Last week, I said that Apple was giving away U2’s new album Sounds of Innocence, but noted that it had yet to show up in iTunes several hours later.
Now we know why it took hours to make it available: Apple didn’t put the tracks in iTunes with a price of $0.00, as they routinely do for giveaways. Instead, they actually sold the music to each of their approximately half a billion customers.
The move was billed, of course, as being customer-friendly: why should those half-billion customers have to search for the gift and go to the trouble of clicking the “Free” button?
Very nice of Apple, but as you may have heard, there are a lot of people out there who apparently hate U2 with a passion. Over the past week, quite a large cottage industry has developed in ways to get the offending music off of one’s computers and iGadgets. Apparently it isn’t as easy as one might hope to lose one’s Innocence, and Apple has been forced to put up a special help page to allow iTunes users to despoil their collections.
On one hand, I have trouble sympathizing with those who are upset. Dudes, it’s free music. Take a listen; maybe you’ll like it. If not, turn it off and don’t play it again. The worst case scenario is it costs you 48 minutes you’ll never get back. At the Federal minimum wage, that’s $5.80. Heck, tell you what: send me $5.22 and I’ll listen to Sounds of Innocence for you. That’s a 10% discount!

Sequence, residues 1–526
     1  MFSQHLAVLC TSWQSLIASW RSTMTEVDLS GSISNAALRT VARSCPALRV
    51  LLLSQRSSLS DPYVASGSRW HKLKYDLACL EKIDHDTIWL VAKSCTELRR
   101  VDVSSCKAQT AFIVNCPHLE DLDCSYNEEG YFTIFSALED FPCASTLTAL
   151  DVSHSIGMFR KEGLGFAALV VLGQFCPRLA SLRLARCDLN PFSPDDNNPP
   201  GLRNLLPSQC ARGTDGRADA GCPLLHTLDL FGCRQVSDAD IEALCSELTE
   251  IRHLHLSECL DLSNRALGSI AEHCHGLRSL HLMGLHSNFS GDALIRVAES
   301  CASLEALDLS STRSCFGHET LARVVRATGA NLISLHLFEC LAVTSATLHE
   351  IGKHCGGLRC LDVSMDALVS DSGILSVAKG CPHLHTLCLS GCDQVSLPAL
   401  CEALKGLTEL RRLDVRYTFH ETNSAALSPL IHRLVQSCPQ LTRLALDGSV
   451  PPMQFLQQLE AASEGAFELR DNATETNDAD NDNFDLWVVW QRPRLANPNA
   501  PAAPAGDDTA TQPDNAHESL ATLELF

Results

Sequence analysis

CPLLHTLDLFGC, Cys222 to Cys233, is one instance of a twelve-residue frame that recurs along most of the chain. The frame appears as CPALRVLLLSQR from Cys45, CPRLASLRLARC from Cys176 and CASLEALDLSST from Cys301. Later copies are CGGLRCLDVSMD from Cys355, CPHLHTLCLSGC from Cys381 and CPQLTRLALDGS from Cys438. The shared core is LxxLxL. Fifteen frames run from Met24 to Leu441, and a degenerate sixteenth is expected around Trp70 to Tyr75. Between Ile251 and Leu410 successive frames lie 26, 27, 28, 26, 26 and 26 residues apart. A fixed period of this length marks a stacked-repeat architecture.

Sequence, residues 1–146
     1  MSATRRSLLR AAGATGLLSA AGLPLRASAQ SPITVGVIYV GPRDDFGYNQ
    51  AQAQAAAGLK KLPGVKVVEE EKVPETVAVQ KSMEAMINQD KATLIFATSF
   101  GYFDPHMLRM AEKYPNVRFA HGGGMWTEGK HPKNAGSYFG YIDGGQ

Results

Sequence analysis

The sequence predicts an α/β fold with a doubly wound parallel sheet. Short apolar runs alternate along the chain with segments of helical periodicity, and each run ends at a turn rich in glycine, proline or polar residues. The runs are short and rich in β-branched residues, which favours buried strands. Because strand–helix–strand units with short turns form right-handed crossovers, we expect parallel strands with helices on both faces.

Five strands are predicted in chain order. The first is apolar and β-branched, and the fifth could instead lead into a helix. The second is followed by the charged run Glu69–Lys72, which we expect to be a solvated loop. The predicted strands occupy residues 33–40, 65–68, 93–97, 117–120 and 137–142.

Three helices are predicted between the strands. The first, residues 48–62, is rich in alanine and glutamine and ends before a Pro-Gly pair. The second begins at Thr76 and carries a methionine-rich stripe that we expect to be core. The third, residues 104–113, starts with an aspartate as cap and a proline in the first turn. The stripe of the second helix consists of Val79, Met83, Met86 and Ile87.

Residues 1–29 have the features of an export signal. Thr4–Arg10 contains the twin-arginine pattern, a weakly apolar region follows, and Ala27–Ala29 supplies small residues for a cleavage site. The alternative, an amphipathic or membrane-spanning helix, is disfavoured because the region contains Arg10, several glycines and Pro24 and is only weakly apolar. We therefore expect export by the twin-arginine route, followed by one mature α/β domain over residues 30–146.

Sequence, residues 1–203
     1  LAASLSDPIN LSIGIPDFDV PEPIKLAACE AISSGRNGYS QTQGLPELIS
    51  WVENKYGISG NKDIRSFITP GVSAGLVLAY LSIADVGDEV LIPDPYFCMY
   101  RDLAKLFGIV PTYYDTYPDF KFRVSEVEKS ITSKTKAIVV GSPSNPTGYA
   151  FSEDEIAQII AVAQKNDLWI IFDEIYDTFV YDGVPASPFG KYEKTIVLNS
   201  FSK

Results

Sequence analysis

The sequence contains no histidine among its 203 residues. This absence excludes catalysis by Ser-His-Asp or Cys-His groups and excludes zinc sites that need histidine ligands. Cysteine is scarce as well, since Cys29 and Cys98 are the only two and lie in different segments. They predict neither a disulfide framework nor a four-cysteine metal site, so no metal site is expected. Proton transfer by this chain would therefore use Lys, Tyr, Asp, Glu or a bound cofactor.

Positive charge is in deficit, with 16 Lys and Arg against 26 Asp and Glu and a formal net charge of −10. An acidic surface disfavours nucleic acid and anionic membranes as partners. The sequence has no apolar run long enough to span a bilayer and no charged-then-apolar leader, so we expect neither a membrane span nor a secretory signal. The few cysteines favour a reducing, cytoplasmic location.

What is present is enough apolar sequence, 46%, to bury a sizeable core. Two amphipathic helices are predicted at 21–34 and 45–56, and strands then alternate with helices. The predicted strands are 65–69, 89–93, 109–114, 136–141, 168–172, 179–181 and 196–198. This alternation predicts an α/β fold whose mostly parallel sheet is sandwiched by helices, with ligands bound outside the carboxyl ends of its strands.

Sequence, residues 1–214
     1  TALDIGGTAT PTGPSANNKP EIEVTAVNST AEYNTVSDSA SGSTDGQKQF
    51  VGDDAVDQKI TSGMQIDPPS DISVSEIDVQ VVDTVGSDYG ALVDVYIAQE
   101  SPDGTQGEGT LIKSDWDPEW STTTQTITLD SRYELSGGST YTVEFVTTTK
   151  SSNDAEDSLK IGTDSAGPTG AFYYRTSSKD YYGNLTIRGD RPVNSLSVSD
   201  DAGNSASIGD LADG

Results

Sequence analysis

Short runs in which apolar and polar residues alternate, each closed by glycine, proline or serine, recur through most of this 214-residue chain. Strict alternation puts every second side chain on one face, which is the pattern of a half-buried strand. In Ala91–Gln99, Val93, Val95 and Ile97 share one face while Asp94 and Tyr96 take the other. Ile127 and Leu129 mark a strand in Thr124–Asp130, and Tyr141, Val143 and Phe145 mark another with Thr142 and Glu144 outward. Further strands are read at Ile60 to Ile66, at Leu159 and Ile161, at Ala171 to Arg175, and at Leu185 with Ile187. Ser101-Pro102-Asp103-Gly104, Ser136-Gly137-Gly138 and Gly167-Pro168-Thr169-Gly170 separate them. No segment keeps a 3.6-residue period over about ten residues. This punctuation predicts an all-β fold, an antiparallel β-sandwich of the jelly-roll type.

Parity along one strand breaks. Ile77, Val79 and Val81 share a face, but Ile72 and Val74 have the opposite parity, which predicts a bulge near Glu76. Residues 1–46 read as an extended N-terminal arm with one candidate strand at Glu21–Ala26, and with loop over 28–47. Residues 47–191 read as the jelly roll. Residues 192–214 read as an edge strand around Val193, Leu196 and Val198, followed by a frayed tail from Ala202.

On the other hand, I also understand why people feel violated. By pushing U2 into everyone’s iTunes libraries, Apple has rather graphically reminded their customers who really controls “their” music. Under the circumstances, the album’s title reaches a level of irony only surpassed by Amazon’s removal of 1984 from their customers’ Kindle libraries*. Forcing the album into customers’ collections so that U2 can advertise “Half a billion served” does seem like a tactic better suited to burgers than music.
* Yes, the particular edition of “1984” was unlicensed and shouldn’t have been available for sale in the first place, but that’s beside the point here–we’re talking about the demonstration of just who controls the customers’ collection.
Apple has long been criticized for running a “walled garden” in which each of their gadgets and programs are designed first and foremost to work best with their other gadgets and programs, but it’s been a highly successful strategy. Their latest moves, assuming everyone wants U2’s album, requiring customers who want an Apple Watch to purchase a recent iPhone, and killing off the last non-iOS iPod, indicate that Apple is now putting a roof on that walled garden to prevent any escapes. “Think Different” is long-dead and there’s clearly no more room at Apple for anyone who wants to march to a different drummer. Casts a whole new light on the famous “1984” Mac ad, doesn’t it?